Lessons From My Recent Dip Into Depression

Two Sundays ago, I suddenly dipped into depression. I’m not 100% what caused it. I’d had a good weekend. My life situation hadn’t changed. I just plummeted.

Maybe I’m slightly glossing over the truth (as I think about it).

I’ve been out of work for a few weeks as my previous job offer fell through and I had couple of interviews on the Monday. Neither of them where ideally what I wanted to do, but like us all, I need money coming in so I can pay bills and enjoy life, right?

So, I think the trigger was knowing that I was going for job interviews that I wasn’t excited about it. I also think that I was a bit down on myself. You see, I’ve done lots of different things in my life and I’ve never really doubled down on one particular skill. It’s left my a kind of Jack of many trades and master of none.

I think all of this was going on in my head and I let the conversation bring me right down.

How Did I Get Through My Mini Depression?

I manged to lift myself out of my depressive funk within three and a half days, instead of letting it continue and get worse.

This is how…

Acceptance. I accepted how I felt instead of fighting and struggling. This is a subtle art, because there is a danger of completely entering into your depression. The trick here is to be an observer of the depression rather than identifying with it. The difference between, “I feel depressed” and “I am depressed”. There is a subtle but definite difference between both phases.

Allow yourself to do what you need to do. For me, it was pizza and beer. Again we often fight things that we label as bad. We create an internal struggle that consumes our energy and keeps us stuck. Being stuck is what we want to avoid, we want to move through this feeling.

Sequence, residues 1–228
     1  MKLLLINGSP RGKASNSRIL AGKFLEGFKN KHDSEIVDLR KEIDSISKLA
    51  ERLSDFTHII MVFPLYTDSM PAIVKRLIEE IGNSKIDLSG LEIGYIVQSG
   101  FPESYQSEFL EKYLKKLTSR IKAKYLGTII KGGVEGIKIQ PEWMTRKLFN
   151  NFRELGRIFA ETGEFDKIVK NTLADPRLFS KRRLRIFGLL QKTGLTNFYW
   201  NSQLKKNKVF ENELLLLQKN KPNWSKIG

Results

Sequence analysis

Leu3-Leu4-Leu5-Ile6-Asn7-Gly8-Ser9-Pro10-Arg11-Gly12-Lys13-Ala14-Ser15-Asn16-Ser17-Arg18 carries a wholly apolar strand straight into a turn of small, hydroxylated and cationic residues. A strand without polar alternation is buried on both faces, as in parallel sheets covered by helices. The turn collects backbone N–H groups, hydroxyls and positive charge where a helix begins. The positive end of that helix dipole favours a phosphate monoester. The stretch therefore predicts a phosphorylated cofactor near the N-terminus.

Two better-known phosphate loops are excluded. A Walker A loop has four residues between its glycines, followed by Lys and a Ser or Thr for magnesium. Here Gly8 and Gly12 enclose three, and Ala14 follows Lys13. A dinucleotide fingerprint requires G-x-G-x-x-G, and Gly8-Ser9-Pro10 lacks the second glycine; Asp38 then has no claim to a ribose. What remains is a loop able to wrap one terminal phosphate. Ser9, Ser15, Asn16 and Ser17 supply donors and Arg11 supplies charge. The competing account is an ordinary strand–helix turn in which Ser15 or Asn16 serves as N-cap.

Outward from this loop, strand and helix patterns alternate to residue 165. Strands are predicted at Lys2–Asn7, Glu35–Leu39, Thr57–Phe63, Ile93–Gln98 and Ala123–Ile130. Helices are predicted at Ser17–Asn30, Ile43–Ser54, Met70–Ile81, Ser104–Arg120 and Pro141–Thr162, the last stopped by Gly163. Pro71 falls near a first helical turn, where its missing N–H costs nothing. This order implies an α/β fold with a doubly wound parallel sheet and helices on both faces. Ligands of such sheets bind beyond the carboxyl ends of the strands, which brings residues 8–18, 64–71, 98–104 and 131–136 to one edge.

Set a time limit. Allow yourself a period of time to feel how you feel and give yourself a cut off point. Say to yourself, “On *day* I’m gonna move on.”

For me, I allowed myself until Thursday, then I started my Daily Do’s again. Eating nutritiously, drinking water, cooking and exercising. I stopped with the pizza and the beer.

Depression And Intentional Living

The underlying principle in what I’ve shared here is intentional living; us shaping our life, rather than life shaping us. Most people practise passive living, they allow life to happen to them and react to it.

Intentional living is about creating our life experience. We can do this with the (so-called) good and (so-called) bad, by us taking ownership and responsibility for our situation and how we handle it.

Your Best Days Are in Front of You,

Keith Claridge

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